Is my life steered by my personal convictions or am I bound by the dictates of another? Am I an echo living someone else’s truth or a wave that flows with the ocean of life and whose essence is Spiritual and Divine?
Socrates chose death over blindly following the decrees of his religious elders. At the end of his life he left us this legacy, “The unexamined life is not worth living,” reminding us that a healthy critical mind is indispensable to live an authentic and meaningful life.
We continually develop our personal convictions but are always open to a greater reality. The Buddha’s last words before he died were, “Be lamps unto yourselves. Rely on yourselves, and do not rely on external help.” Humans are ultimately responsible for their own destiny and inner bliss.
Every human being has an inner voice, the voice of the Great Spirit. It gives power, inner freedom and an experience of the interconnectedness of life. Through his experiments with the Truth, Mahatma Gandhi believed that “Everyone who wills can hear the inner voice. It is within everyone. . . There come to us moments in life when about some things we need no proof from without.”
The Prophet Jeremiah recognized this inner voice in God’s new covenant, “I will put my law within them, I will write it upon their hearts; and I will be their God and they shall be my people. And no longer shall each man teach his neighbor … for they shall all know me, from the least of them to the greatest” (Jer 31: 33-34).
The inner voice and the Truth we experience deep within us will always find a spontaneous and irrepressible expression. In the words of W.H. Auden,
All I have is a voice
To undo the folded lie,
The romantic lie in the brain
Of the sensual man-in-the-street
And the lie of Authority
Whose buildings grope the sky:
“I am the master of my fate, I am the captain of my soul.”
This was the inspirational quote from the poem Invictus by William Ernest Henley that expressed Nelson Mandela’s foundational life experience. He discovered this poem while he was serving a life sentence on Robben Island, a former Leprosy Colony. This quote became the meaning and mission of his life; it served as an anchor that kept him grounded when his natural response would have been one of fear, anger or hatred. Mandela used it as a mantra that inspired him to deal with the hard times when he wanted to give up; it helped him answer the existential questions: Who am I? What is life all about?
Mandela used the power of his mantra to empower not only those who were in prison with him but also those in charge of that prison. His mantra inspired him to work for reconciliation rather than petty revenge; it helped him to stand alone against some of the powerful nations of the world.
Mandela believed that we all need inspiration. Would you care to share your inspirational mantra? I have a tremendous sense of intimacy with the Divine Essence. It gives me the courage to jump over the cliffs of life, knowing fully well that the Divine Energy will keep me flying beyond sacred boundaries always seeking new horizons. Convinced that living with enough is living in abundance helps me enjoy the fullness of life more and more every day. Intimacy with the Divine Essence resonates through every fiber of my being and is expressed by my mantra: You are Mine!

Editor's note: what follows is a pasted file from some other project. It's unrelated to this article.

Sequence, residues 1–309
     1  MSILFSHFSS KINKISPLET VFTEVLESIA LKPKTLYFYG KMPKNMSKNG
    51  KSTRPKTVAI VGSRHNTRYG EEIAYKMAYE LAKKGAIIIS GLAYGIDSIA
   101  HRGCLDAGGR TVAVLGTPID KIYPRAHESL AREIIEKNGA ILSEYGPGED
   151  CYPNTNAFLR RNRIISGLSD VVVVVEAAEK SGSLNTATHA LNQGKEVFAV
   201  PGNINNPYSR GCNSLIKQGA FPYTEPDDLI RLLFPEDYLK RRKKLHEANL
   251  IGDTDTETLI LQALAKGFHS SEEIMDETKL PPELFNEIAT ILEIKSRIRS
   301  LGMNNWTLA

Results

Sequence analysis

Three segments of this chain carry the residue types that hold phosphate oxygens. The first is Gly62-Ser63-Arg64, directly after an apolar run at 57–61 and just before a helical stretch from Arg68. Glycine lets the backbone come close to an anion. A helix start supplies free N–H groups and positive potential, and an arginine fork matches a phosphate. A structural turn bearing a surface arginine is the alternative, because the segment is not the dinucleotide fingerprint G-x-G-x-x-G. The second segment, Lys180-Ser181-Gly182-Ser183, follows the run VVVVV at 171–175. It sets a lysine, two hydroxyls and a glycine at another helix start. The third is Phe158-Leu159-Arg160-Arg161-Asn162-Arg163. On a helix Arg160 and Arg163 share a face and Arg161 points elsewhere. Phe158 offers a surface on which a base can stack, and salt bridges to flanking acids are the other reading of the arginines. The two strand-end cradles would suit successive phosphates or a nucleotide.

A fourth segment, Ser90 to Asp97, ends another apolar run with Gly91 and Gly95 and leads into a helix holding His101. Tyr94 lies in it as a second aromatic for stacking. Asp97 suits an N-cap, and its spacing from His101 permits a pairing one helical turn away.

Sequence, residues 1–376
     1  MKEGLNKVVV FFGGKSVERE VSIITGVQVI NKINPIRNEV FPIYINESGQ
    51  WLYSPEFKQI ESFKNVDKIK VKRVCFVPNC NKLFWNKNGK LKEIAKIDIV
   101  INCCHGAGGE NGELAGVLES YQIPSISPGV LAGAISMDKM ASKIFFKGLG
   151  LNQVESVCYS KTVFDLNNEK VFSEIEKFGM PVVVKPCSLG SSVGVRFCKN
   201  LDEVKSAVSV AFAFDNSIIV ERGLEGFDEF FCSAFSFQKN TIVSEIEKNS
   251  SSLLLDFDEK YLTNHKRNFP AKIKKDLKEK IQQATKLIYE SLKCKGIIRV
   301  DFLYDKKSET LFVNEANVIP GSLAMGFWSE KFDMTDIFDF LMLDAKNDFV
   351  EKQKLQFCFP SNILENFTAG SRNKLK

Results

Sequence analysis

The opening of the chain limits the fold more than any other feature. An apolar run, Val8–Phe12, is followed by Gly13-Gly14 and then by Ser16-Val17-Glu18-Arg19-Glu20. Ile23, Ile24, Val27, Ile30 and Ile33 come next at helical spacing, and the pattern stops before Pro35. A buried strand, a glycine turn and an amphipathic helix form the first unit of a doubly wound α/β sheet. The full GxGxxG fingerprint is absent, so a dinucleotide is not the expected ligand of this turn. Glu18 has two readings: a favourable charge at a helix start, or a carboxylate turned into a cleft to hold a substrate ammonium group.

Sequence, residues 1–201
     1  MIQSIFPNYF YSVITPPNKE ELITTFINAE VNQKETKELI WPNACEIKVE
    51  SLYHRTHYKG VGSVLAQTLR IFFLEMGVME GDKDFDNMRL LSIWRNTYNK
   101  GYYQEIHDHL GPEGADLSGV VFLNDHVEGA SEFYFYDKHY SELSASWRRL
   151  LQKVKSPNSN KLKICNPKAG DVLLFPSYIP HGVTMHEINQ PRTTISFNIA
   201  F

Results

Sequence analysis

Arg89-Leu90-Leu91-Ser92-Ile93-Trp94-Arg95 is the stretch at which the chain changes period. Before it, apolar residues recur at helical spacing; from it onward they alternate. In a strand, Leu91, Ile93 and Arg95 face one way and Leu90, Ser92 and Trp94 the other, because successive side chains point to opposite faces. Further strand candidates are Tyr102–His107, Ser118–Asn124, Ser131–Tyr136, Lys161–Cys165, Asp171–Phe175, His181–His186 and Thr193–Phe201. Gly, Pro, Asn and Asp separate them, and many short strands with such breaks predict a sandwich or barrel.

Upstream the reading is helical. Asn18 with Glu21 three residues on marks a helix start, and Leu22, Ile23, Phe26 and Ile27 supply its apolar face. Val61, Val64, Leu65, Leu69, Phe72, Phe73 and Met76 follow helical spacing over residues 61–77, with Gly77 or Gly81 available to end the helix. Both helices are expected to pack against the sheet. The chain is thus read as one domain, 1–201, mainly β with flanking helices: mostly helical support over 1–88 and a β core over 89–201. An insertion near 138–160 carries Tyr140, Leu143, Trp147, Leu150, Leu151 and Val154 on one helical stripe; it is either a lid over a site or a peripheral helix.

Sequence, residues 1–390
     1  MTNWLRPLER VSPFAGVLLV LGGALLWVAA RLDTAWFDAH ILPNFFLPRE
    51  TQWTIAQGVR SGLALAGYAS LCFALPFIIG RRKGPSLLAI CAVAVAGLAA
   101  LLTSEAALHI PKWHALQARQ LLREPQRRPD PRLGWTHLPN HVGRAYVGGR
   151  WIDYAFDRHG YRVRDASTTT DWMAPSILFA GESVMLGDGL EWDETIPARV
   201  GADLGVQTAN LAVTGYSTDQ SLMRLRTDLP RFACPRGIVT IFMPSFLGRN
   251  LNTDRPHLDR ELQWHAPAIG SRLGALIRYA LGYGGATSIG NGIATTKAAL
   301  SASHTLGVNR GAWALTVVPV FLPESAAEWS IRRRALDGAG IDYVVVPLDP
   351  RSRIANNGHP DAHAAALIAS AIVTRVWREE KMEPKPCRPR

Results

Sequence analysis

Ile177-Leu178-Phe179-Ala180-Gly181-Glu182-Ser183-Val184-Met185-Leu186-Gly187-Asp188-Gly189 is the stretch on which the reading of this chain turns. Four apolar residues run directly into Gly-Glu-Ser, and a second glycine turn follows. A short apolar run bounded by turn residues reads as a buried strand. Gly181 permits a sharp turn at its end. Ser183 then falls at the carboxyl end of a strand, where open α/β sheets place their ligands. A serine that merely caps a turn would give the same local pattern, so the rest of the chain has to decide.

Sojourner Truth lived as a slave from the age of nine. Her slave name was Isabella and she was sold several times until she landed with John Dumont. Like all her other previous owners, Dumont beat Isabella, and his wife Sally sexually abused her. Isabella found solace by building a little shrine in the woods with some twigs and branches, an African tradition she may have learned from her mother. Over the years she developed an intimate relationship with the Divine. After toiling for fourteen years, moved by Divine inspiration Isabella ran away with her daughter, Sophia.
As a runaway slave she joined the Second Great Awakening, a Protestant evangelical movement where people lived a simple life and by the promptings of the Holy Spirit. She soon became an inspirational speaker and challenged people through her unique interpretation of the Bible as a woman and a former slave. Her longing for some structure and family threw her under the spell of the “Prophet Matthias” who intimidated by her charisma often beat her, making her feel like a slave once again.
In 1843, Isabella had a foundational spiritual experience that would change her life forever and give her total inner freedom. On the day of Pentecost she left New York under a new name, Sojourner Truth, free from slavery and the abusive structures of religion. She became an inspirational speaker and fought for the emancipation of slaves, freedom for the Black community and the rights of all women. Her faith and preaching introduced her to abolitionists and women’s rights crusaders. Frederick Douglass, the abolitionist, admired her speaking ability but looked upon her as an uncultured person. But when he called upon Blacks to work for their freedom using force, Sojourner Truth confronted him with the famous words, “Is God gone?” She was the champion of nonviolence and God’s power to overcome injustice and oppression.
Throughout her life she refused to “keep her place.” With her faith anchored in the Divine, she became a force to be reckoned with and was determined not to be intimidated or ignored. When a slave owner sneered at her proclaiming that he did not care for her anti-slavery talk any more than he would for the bite of a flea, Sojourner Truth’s spontaneous response was, “Lord willing I’ll keep you scratching!”